I am now wondering about a whole passel of unpublished, circus-themed Silver Age comics.  If there’s the Circus of Crime, why not the Circus of Justice?  The copy writes itself.  Run away and join the Circus of Justice on their never-ending roadtrip of righteousness!  Gaze at Betty Bluebeard, the Hirsute Beaut!  Gasp at Spitfire the flame-eater!  Thrill to Umberto, the one-legged unicyclist!  Marvel at the allergic-to-evil Dharma, the elephant who never forgives!  Will they ever settle the score with the traitorous Hawkeye and the Swordsman?  Hey rube, there’s adventure afoot!

Likewise, the Cirque d’Outre, which I figure is pretty much exactly like the Cirque du Soleil except 60’s and way creepier.  I’m figuring Prince Randian and Jojo the Dogface Boy are inspirations here.  Even money says they get involved with Doctor Strange occasionally.

4 Responses to “run off to join the circus”

  1. October 15, 2011 at 4:13 pm

    I was having a devil of a time with the captions for those pictures, so I ultimately took them out. But credit where it’s due:

    1. Steve Ditko, Amazing Spider-Man #22 (March 1965)
    2. Jack Kirby, Incredible Hulk #3 (Sept 1962)
    3. Jack Kirby, Incredible Hulk #3 (Sept 1962)
    4. Jack kirby, X-Men #3 (Jan 1964)
    5. John Buscema, Avengers #60 (Jan 1969)

  2. 2 Charlatan
    October 16, 2011 at 6:31 pm

    Do the townies ever snap out of it? Or do they just wither and die on their feet, endlessly replaying that last, innocent, anticipatory moment at the circus in their minds as they starve? That’s some Sandman shit!

  3. 3 Charlatan
    October 16, 2011 at 7:28 pm

    More seriously: Maybe it’s less noteworthy that circus performance pops up as a common background for supers than it is that a significant number of them emerge as supers from non-liminal backgrounds. There’s plenty of aliens, circus performers, orientalist mystics, lost tribes, etc. (as expected); Captain America is basically a cult hero that survives an elaborate ritual sacrifice blessed by divine power. This is all standard myth-making. What’s unusual is the Spiderman/mutant notion of the supers emerging from pedestrian circumstances. You may read the mutant/radioactivity situation as a commentary on humanity effectively placing itself wholesale into a liminal space vis-a-vis its relationship to the Natural, but the traditional Spiderman backstory is really kind of unusual (though perhaps less so if you continue applying the laboratory-as-ritual-space analogy I suggested).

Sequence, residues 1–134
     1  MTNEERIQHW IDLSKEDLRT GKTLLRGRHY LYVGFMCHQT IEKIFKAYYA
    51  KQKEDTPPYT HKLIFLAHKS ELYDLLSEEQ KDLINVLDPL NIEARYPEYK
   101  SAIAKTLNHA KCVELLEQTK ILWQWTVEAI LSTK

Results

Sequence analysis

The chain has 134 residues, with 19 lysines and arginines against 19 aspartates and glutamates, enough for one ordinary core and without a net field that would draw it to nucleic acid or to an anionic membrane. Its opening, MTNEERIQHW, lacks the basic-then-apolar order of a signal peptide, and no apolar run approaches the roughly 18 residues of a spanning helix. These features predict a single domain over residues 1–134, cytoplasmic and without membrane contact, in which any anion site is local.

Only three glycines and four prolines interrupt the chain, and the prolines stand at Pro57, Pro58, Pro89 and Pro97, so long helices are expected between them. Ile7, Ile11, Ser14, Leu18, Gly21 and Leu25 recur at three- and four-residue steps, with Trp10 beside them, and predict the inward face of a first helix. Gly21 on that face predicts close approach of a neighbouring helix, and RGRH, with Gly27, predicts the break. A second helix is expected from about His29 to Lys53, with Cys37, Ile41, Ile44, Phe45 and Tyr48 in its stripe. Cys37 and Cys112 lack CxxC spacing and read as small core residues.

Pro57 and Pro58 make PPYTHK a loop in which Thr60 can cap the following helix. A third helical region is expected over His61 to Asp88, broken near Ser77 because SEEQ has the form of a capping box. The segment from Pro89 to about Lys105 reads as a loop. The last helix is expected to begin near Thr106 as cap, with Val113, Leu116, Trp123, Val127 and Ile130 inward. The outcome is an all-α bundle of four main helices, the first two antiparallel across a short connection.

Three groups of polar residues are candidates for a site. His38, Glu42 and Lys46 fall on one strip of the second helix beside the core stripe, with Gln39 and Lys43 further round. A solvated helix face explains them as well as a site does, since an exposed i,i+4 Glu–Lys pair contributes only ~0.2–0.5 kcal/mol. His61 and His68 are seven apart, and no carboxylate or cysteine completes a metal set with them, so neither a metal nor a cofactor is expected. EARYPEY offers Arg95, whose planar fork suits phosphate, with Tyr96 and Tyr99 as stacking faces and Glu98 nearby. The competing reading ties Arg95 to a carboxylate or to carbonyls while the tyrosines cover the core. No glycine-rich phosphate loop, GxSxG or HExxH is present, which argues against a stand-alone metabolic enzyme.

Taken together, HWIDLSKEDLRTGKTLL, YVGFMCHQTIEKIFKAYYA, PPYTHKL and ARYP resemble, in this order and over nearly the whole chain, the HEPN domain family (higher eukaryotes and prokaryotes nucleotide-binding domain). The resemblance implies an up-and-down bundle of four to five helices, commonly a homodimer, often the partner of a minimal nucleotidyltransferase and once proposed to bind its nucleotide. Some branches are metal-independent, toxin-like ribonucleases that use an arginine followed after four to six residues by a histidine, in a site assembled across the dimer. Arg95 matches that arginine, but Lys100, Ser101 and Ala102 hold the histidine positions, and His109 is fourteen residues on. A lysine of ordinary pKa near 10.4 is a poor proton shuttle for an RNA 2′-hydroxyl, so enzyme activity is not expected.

4. October 17, 2011 at 3:44 am

    Well, the early Silver Age comics definitely are pushing the idea that the Atomic Age and the Space Age herald an unsettling new relationship between Man and the Universe. Certainly the Fantastic Four are introduced in pretty much explicitly mythological terms: four people try to storm heaven in a rocketship, but nemesis arrives in the form of cosmic rays (TAK TAK TAK TAK TAK) to punish them for their hubris by turning them into monsters.

    Peter Parker, in his earliest appearance, is a pariah who attends the radioactivity exhibit in part because he’s too nerdy to be invited to any other social activities. From this perspective, Parker was already a liminal figure, I guess sort of in utero or in larval form, and then his origin story “births” him into a new state. Oddly, Spider-Man is more popular with the teenagers than Parker is.

    One of the weirder super heroes in Marvel Comics is Ant-Man, who is a geeky scientist who has a nervous breakdown after Communists murder his wife, and decides that he will become as weak and powerless as an ant. He’s like some kind of flagellant. In the ant-sized world he’s routinely trapped under flower pots, nearly drowns in the bathtub, etc. The everyday world becomes a kind of mythical place of titanic power, simply by changing one’s viewpoint.

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Past Adventures of the Mule

October 2011